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Review of Du Iz Tak?

ellis_du iz takstar2 Du Iz Tak?
by Carson Ellis; illus. by the author
Primary    Candlewick    48 pp.
10/16    978-0-7636-6530-2    $16.99    g

Picture books have traditionally been a rich source of neologisms. Grinch, knuffle: plums in the puddings of picture book texts. In this story, told in dialogue, Ellis pushes that tradition and invents an entire language. On the first spread an elongated Edwardian-style dragonfly points to a small green shoot poking out of the ground. “Du iz tak?” the creature asks its equally elegant companion. “Ma nazoot,” is the reply. We decode the meaning from the picture, much in the way an emerging 
or ESL reader might. (The giant 
expanse of creamy page gives us room to ponder.) Five words, and we’re already starting to get a handle on the grammar. The green shoot grows, and a different group of sartorially splendid bugs, this time a trio, has its say. The bugs need something: “Ru badda unk ribble.” What is a ribble, and where will they get it? Page design and language get progressively fancier as the bug people build a tree house — with the use of the ribble — in the plant. Joy explodes when the plant flowers. “Unk gladdenboot!  Unk scrivadelly gladdenboot!” Then fall comes, the plant withers, and the bug family moves on. In a wordless coda of successive double-page spreads we are comforted by the cycle of the seasons. By the final words, “Du iz tak?” we are fluent speakers of Bug. Completely scrivadelly, this is a tour de force of original storytelling.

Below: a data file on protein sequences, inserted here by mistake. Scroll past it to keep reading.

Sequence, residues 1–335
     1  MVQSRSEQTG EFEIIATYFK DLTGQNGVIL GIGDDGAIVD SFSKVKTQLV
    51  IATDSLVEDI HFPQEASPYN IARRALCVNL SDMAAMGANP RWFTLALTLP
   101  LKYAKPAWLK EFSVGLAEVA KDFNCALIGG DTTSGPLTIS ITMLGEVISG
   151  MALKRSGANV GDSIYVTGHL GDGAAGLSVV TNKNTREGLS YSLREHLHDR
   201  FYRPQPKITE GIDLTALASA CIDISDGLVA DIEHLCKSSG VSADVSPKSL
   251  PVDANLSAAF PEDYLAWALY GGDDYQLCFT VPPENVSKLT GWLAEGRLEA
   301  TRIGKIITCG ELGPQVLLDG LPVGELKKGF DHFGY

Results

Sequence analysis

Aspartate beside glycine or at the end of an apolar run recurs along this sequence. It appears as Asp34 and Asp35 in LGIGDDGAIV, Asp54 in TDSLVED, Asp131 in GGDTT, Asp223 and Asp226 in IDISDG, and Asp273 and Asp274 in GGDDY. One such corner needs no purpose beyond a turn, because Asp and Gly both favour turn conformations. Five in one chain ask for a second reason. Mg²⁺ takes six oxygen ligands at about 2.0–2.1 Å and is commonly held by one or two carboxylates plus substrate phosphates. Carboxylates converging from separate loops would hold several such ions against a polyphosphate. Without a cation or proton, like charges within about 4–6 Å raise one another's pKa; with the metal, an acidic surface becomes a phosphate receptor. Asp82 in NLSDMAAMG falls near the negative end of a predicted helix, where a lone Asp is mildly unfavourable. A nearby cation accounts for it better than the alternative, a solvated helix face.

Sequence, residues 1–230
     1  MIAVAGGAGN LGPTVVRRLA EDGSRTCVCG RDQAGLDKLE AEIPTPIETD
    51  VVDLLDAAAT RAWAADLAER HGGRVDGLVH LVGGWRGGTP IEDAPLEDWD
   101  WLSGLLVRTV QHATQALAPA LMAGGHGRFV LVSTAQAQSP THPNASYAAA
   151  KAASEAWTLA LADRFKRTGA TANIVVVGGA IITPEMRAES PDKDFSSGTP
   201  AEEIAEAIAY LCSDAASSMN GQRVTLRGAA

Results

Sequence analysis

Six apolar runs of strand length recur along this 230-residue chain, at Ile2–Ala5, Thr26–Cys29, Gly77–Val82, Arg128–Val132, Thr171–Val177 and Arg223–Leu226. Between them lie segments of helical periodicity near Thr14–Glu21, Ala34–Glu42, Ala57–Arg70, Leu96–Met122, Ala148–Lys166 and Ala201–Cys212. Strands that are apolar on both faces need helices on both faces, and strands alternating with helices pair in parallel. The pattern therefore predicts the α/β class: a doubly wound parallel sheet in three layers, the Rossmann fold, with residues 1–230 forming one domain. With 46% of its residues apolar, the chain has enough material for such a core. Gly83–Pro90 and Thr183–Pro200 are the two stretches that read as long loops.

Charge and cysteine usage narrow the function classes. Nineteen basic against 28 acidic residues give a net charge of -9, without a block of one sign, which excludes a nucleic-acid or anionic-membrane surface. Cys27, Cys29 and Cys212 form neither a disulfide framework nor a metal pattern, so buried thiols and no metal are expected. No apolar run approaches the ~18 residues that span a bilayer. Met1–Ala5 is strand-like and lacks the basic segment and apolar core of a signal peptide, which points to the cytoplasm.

From the September/October 2016 issue of The Horn Book Magazine.

About Sarah Ellis

Sarah Ellis is a Vancouver-based writer and critic, recently retired from the faculty of The Vermont College of Fine Arts.

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